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The institute is under fire by current and former patients and is the target of criminal charges and civil complaints.

Profits come at deadly price

Brain-injured allege abuse at Florida facility

Bloomberg News photos
Reginald Hicks, seen in an undated photo, died last year because of mistreatment at the Florida Institute for Neurologic Rehabilitation, his daughter says.

Soon after Peter Price arrived at the Florida Institute for Neurologic Rehabilitation to recover from a brain injury, he pleaded for a rescue.

“Jess, they beat me up,” Price told his sister, Jessica Alopaeus, in May 2009. “You have to get me out of here.”

Staffers at the center held him down and punched him in the face and groin, Price said. When Alopaeus’s efforts to transfer him stalled, Price took desperate steps.

He swallowed five fish hooks and 22 AA batteries he’d picked up during a patient outing at Walmart. After emergency surgery to remove the objects, he was allowed to transfer to another facility.

Residents at the Florida Institute have often been abused, neglected and confined, according to 20 current and former patients and their family members, criminal charges, civil complaints and advocates for the disabled.

These sources and more than 2,000 pages of court and medical records, police reports, state investigations and autopsies contain an untold history of violence and death at the institute known as FINR, located amid cattle ranches and citrus groves in Hardee County, 50 miles southeast of Tampa.

Patients’ families or state agencies have alleged abuse or care lapses in at least five residents’ deaths since 1998, two of them in the past 18 months. Three former employees face criminal charges of abusing FINR patients.

The complaints underscore the problems that 5.3 million brain-injured Americans have finding adequate care. Their numbers are growing, according to the U.S. Centers for Disease Control and Prevention, as better emergency medicine and vehicle safety mean that fewer die from traffic accidents or other causes of traumatic brain injuries.

The long-term ills include memory loss, physical handicaps and the inability to control violent anger or sexual aggression.

Operated for profit since 1992, FINR has become one of the largest brain-injury centers in the country, with 196 beds. Its marketing is focused on the relative few who can pay bills that reach $1,850 a day. That includes those injured on jobs with generous workers’ compensation benefits and car-crash victims in Michigan – which mandates unlimited lifetime benefits for automobile injury coverage.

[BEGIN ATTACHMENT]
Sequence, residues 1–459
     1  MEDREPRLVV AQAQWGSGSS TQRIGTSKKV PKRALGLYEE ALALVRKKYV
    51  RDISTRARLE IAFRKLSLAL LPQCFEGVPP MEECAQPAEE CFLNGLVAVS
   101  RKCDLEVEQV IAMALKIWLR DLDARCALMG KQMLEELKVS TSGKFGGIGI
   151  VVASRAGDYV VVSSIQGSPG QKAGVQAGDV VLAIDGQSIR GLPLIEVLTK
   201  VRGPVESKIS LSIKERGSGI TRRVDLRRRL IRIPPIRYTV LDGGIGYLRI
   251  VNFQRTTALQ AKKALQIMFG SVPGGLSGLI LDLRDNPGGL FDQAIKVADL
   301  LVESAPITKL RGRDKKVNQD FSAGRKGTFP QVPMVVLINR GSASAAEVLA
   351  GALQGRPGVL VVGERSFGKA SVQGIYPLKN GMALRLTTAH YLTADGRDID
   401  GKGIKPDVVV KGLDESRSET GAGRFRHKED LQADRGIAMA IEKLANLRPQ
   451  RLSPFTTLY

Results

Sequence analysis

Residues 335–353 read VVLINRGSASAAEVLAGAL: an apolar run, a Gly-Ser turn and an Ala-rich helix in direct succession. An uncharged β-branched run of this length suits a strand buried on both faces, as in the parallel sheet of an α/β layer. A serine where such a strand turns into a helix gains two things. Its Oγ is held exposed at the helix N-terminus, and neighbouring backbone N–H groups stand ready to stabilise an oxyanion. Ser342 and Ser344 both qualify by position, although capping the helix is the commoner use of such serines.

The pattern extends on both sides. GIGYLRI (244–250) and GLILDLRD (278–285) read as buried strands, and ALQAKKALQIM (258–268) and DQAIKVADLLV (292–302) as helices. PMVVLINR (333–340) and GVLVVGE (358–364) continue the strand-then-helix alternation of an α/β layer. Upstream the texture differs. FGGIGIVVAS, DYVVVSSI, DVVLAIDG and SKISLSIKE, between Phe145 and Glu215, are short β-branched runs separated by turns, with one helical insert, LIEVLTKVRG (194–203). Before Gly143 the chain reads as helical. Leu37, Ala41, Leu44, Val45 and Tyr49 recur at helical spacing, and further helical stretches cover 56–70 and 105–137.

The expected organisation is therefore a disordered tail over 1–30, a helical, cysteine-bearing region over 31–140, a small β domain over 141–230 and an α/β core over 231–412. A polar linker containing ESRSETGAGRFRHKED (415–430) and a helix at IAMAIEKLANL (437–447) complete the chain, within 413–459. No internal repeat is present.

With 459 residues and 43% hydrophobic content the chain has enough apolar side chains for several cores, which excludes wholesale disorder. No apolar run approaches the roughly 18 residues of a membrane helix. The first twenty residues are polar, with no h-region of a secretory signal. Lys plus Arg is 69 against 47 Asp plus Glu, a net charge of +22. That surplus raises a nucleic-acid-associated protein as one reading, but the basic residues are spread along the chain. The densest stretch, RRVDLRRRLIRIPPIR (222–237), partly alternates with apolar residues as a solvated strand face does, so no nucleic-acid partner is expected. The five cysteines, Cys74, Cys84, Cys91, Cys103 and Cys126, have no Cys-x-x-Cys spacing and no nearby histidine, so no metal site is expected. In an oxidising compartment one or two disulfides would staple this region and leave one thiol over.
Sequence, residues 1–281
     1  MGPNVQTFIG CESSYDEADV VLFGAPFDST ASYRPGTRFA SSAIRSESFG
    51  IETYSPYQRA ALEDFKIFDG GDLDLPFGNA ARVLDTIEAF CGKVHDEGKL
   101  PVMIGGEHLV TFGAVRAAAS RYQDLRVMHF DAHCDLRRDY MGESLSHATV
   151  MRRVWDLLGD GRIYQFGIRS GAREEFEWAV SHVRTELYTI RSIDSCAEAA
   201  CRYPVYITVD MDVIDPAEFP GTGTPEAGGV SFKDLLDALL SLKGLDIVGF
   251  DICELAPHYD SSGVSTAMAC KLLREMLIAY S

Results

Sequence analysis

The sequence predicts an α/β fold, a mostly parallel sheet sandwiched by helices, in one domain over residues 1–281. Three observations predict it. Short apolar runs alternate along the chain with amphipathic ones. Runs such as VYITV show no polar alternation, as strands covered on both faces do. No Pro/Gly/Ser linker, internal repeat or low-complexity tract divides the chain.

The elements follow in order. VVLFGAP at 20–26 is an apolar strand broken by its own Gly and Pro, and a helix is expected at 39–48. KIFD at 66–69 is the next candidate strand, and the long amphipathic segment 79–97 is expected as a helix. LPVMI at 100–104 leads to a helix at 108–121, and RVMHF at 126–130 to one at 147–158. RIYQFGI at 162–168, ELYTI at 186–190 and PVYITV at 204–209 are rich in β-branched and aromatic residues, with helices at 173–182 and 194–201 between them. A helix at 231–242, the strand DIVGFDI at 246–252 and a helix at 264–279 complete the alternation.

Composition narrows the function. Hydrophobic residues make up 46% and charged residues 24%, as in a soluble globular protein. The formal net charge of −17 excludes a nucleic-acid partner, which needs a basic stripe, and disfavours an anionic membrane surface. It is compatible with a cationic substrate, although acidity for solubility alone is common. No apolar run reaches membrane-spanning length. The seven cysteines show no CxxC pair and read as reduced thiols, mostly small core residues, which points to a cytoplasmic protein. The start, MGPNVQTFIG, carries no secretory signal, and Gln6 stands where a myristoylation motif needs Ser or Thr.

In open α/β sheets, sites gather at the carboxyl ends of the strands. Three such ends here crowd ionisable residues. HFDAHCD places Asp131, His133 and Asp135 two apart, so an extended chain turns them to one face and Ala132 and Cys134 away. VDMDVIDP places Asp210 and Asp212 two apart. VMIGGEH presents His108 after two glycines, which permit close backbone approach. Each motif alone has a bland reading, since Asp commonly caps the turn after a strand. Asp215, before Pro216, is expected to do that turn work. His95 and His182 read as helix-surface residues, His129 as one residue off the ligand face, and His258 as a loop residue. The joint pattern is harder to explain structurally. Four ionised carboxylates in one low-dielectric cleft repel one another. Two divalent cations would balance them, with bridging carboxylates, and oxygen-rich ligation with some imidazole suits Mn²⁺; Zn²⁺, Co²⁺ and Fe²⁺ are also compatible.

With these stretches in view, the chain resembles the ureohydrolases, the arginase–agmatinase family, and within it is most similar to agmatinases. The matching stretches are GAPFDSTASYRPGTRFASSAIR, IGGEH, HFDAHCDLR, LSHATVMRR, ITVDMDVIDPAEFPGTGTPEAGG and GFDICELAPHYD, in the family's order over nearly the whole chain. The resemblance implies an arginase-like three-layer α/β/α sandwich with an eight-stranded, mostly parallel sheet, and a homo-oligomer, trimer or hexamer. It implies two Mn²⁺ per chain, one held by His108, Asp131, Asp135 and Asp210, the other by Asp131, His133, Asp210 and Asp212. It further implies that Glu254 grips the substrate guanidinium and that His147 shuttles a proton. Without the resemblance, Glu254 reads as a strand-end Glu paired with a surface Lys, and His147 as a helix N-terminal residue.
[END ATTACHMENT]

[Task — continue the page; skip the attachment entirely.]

Those who have clashed with the company over the treatment of patients say its efforts to keep costs down and extend the duration of stays take priority over care.

“All people are to them is a monetary gain,” said Jana Thorpe, a professional guardian who removed one of her wards from the company’s care in 2008.

FINR executives declined to comment. The company has said previously that it vends “extremely high quality care to very difficult clients” aimed at returning them to their homes, doesn’t use seclusion and has “zero tolerance” for resident abuse.

Last December, Reginald Hicks was taken to the cafeteria by a FINR employee and given solid food that lodged in his lungs and killed him, according to his daughter, Heather Hicks.

Her father, a former mortgage-workout specialist injured in a car accident, couldn’t swallow and had a care plan that called for tube feeding, she said. Autopsy findings cited aspiration of food and pneumonia as causes of death.

Ex-residents of FINR said they were frequently “taken down” or knocked to the floor and restrained by staff, in a routine often accompanied by beatings. Blue mats sometimes used for the takedowns are ubiquitous at FINR, patients and visitors say.

As for Price, he was taken down more than 20 times and confined to his cabin at FINR for weeks at a time, he said in an interview. Residents are kept in as part of “therapeutic cabin based programming,” used to protect them from hurting themselves or others, the company has said.

Price now lives in an apartment run by a different center in Florida, where he is monitored but able to leave his apartment most days.

He said he goes on fishing trips, eats out, sees movies, and has never been taken down at his new home.